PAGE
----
Menkes Disease (MNK), also commonly known as Menkes Syndrome, Copper Transport Disease and Steely Hair Disease, Kinky Hair Disease or Menkes Kinky Hair Syndrome is a rare X-linked recessive neurodegenerative disorder caused by a mutation in the ATP7A copper-transporting ATPase gene. Put more simply, Menkes is a disorder of the copper handling by the body, causing a maldistribution of this metal with very low levels in the brain and serum of affected individuals. Low blood copper and ceruloplasmin concentrations and distinctively abnormal neurochemical levels suggest the diagnosis. Since the ATP7A gene is on the X chromosome, the illness occurs almost exclusively in males, who have only one X chromosome. Females, who have two X chromosomes, may carry a defective copy of ATP7A on one but will not develop the disease if their second X chromosome is normal.
Menkes disease is characterised by growth failure and deterioration of the nervous system and typically begins during early infancy, i.e. 6 to 10 weeks of age. Signs and symptoms of the disorder include seizures, feeding problems and poor growth, sagging facial features, weak muscle tone (hypotonia), intellectual disability, delays in development, and brittle hair which appears kinky, colourless or steel in colour, and is easily broken. In some cases, symptoms can begin later in childhood and may be less severe.
The signs and symptoms of Menkes disease result from abnormal intestinal copper absorption with a secondary deficiency in copper-dependent enzymes. These enzymes are important for brain growth and development and in other regions of the body also. ATP7A normally contributes to numerous neurological functions, and so its absence or deficiency leads to impaired neurodevelopment and extensive neurodegeneration.
There are four fundamental issues that must be addressed in helping children who suffer from Menkes disease:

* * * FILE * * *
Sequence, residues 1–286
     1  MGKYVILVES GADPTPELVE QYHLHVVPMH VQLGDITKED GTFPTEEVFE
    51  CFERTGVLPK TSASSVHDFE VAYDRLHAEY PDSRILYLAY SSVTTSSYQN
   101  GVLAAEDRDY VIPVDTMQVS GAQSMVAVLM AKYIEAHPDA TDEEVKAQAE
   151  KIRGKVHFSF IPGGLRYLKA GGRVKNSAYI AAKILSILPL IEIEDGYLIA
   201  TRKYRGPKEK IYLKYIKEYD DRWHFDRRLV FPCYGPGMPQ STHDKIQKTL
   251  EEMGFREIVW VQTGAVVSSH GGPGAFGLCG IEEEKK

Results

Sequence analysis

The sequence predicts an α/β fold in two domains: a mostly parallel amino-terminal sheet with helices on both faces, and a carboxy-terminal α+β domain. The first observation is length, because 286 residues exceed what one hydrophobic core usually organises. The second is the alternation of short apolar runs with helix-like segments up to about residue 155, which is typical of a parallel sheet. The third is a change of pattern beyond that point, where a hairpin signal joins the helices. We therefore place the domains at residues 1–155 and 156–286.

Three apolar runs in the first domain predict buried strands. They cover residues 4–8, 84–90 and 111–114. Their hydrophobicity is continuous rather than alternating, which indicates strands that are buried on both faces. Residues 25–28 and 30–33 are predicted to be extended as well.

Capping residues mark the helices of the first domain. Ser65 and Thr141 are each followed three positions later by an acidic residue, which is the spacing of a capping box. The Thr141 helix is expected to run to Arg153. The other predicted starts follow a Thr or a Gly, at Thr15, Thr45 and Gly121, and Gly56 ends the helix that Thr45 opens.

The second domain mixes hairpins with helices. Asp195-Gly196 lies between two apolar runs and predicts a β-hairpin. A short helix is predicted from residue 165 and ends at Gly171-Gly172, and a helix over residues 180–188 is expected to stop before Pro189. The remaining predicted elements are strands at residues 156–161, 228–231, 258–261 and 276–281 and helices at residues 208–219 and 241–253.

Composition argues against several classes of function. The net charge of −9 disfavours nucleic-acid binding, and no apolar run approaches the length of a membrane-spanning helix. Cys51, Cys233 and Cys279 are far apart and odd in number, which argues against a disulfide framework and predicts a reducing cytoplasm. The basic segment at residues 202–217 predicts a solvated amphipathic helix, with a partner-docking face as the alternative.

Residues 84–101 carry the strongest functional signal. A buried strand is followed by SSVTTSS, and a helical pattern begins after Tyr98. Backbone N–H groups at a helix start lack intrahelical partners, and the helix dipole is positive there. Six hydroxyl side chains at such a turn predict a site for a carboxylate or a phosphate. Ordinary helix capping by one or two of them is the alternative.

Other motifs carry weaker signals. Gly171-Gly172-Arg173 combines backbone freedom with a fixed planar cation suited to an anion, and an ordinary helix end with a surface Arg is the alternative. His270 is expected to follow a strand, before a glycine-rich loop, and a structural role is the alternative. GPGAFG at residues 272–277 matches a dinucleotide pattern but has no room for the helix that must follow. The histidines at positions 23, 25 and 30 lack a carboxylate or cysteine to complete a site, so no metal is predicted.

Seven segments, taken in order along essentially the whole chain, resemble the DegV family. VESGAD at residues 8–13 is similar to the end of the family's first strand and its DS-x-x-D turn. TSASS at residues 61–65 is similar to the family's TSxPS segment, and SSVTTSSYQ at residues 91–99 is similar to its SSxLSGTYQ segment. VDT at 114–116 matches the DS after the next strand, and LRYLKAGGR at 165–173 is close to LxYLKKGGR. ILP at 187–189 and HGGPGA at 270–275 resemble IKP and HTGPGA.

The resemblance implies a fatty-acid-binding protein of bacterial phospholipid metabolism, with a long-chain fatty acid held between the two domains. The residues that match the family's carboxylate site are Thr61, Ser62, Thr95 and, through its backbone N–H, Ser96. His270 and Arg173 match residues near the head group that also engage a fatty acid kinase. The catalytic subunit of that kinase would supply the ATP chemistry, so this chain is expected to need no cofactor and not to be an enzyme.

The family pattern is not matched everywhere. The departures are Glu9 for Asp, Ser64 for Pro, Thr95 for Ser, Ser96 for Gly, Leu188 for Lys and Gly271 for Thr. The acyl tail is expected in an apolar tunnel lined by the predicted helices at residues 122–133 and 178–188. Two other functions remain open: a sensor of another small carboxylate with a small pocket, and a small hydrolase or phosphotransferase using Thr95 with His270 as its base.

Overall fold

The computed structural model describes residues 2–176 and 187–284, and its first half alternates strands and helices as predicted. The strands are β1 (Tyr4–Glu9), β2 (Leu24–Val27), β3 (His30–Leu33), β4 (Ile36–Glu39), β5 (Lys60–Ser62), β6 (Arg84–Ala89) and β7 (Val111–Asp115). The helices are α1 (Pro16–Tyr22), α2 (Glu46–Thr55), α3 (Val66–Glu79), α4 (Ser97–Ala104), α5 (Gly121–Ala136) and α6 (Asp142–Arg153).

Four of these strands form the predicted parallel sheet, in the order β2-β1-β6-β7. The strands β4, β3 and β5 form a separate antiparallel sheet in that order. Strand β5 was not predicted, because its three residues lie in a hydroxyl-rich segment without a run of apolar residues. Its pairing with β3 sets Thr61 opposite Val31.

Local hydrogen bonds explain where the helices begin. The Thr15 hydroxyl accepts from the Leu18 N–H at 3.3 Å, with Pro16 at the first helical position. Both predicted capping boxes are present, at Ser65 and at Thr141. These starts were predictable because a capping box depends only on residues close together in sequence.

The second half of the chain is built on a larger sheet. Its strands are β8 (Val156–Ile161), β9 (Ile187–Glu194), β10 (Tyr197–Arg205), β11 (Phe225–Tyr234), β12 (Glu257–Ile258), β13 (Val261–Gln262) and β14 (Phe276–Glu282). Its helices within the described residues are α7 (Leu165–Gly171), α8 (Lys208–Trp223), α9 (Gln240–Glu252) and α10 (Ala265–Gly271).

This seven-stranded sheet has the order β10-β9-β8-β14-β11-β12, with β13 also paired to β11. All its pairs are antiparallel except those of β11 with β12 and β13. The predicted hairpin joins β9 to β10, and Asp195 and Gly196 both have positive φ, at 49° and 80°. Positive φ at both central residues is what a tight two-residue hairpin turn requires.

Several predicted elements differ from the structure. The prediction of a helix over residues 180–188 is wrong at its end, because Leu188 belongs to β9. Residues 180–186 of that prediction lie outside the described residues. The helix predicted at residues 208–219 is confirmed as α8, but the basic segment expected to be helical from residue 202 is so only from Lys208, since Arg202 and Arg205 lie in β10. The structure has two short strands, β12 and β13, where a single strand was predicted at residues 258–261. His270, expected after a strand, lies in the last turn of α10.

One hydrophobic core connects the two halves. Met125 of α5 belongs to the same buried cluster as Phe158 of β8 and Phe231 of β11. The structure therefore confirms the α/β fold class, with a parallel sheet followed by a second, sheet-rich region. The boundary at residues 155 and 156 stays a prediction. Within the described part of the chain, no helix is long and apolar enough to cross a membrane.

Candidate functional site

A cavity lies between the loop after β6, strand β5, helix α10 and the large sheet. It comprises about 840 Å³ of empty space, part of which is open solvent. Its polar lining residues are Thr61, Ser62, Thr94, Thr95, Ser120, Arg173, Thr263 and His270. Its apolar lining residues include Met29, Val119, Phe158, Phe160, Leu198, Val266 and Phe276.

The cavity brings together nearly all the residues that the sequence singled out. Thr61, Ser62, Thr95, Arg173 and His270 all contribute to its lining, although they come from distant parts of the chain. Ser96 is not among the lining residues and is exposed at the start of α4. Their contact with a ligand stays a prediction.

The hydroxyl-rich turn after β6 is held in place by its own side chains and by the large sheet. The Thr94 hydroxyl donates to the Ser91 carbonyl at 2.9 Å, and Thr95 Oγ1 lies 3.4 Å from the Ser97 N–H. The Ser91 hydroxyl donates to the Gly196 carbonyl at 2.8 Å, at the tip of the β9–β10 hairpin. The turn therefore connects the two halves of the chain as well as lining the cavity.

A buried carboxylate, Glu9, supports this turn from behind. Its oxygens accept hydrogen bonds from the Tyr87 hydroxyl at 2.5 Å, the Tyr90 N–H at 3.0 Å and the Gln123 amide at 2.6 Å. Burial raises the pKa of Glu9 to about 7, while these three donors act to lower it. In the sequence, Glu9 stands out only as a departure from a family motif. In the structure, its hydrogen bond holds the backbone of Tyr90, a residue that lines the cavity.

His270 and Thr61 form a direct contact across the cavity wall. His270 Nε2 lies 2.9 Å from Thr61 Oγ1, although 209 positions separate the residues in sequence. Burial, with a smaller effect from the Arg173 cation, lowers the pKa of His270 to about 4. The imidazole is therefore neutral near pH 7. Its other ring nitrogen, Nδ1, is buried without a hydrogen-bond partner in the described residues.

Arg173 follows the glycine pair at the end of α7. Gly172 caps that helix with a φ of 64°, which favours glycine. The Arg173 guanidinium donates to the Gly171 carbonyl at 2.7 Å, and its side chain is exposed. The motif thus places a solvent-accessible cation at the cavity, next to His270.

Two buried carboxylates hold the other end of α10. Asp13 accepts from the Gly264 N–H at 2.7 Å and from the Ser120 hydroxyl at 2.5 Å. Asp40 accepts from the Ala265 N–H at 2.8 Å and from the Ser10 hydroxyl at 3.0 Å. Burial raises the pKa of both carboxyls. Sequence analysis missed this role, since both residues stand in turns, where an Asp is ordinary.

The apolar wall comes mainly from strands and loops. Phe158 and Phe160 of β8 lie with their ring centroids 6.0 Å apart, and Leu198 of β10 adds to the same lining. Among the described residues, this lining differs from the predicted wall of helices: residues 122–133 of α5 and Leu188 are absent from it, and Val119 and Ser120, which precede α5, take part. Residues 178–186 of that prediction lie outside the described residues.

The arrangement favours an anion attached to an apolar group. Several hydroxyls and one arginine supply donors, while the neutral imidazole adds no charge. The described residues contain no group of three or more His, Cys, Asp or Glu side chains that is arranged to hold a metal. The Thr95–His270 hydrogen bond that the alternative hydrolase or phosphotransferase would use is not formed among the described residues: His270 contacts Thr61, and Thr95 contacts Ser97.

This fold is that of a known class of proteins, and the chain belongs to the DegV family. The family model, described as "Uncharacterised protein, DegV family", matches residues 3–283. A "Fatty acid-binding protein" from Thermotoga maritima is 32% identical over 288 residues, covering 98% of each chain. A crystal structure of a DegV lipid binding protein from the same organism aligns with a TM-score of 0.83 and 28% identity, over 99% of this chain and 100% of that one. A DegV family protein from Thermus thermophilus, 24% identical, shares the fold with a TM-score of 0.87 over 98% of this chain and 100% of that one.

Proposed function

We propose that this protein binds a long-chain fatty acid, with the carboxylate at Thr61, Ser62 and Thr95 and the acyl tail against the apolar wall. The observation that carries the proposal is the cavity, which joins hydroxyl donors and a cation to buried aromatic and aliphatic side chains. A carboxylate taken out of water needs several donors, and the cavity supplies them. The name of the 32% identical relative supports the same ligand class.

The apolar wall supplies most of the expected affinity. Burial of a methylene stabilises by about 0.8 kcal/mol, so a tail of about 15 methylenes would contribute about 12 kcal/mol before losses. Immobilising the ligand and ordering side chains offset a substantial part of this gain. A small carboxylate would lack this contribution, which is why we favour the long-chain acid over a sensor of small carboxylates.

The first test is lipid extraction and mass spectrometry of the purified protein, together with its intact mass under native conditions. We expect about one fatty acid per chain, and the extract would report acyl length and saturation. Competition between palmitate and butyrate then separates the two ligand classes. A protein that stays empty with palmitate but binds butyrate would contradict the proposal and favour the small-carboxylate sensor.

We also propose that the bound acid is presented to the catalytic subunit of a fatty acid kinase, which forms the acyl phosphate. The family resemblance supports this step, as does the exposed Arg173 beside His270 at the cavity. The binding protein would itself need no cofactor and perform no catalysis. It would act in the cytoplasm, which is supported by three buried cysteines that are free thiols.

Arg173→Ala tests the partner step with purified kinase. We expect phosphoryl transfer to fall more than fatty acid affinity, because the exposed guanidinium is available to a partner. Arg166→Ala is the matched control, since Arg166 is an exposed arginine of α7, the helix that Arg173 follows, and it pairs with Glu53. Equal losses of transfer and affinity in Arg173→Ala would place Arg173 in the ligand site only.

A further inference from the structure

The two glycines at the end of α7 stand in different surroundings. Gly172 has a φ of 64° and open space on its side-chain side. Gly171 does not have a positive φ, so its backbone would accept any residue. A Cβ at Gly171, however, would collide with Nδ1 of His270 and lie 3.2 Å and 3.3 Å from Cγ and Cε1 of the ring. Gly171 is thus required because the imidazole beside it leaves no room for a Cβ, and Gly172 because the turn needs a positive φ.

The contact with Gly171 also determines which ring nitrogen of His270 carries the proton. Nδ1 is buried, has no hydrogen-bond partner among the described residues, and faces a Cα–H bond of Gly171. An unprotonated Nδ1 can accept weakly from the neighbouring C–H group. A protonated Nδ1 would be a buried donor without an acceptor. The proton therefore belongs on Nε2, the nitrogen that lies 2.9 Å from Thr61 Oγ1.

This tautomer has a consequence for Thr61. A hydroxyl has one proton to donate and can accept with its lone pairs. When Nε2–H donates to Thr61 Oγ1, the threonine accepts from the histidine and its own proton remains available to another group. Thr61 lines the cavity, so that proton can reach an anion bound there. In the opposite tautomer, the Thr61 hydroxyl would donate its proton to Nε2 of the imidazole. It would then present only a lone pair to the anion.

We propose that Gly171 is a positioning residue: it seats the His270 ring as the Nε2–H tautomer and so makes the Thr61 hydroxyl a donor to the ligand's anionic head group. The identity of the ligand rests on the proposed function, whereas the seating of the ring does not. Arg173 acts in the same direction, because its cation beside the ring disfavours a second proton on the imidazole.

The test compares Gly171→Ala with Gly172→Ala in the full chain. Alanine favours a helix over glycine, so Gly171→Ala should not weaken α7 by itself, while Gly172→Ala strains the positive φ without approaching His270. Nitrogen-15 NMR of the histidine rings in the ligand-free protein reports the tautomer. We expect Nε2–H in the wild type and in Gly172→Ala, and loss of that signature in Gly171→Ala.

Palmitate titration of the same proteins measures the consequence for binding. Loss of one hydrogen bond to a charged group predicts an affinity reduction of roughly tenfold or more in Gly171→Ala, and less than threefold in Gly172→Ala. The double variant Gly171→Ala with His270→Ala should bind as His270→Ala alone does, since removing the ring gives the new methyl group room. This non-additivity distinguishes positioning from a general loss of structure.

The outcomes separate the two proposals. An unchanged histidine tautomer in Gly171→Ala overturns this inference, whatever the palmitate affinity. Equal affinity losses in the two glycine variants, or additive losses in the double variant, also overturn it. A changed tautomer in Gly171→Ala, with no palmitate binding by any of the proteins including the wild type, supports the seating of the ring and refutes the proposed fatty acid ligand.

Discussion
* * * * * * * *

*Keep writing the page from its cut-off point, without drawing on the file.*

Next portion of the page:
The block in intestinal absorption of copper must be bypassed.
The block in copper delivery to the developing brain must be bypassed.
Copper must be made available to the enzymes within cells that require it as a cofactor.
Affected infants must be identified and treatment commenced very early in life before irreparable neurodegeneration occurs.
Is there a cure?
At this current moment in time, there is unfortunately no known medical cure for those suffering from Menkes Disease.
Copper Histidine injections are a way of treating the disease,
but for best results need to commence within the first few weeks of the child’s birth. The copper injections can be administered in three ways, under the skin, in the muscle, or directly into the vein. there are however side effects that occur with the copper injections which can cause Electrolyte Disturbances and associated seizures.
In general, it is felt that starting Copper Histidine Therapy later in the disease process is not justified and is more likely to have more side effects than benefits. There are mixed views regarding this treatment, and it is strongly recommended that you speak to your Consultant who can point you in the right direction and provide you with the appropriate research on this matter.
The best medicines for those suffering from Menkes is love, lots of cuddles and quality time spent with your loved one.
Support for you
Together For Short Lives
Menkes Foundation UK has associate membership of Together for Short Lives a leading UK charity for children with life-threatening and life-limiting conditions. Please follow the link to their website where you will find lots of useful information, guidance and support.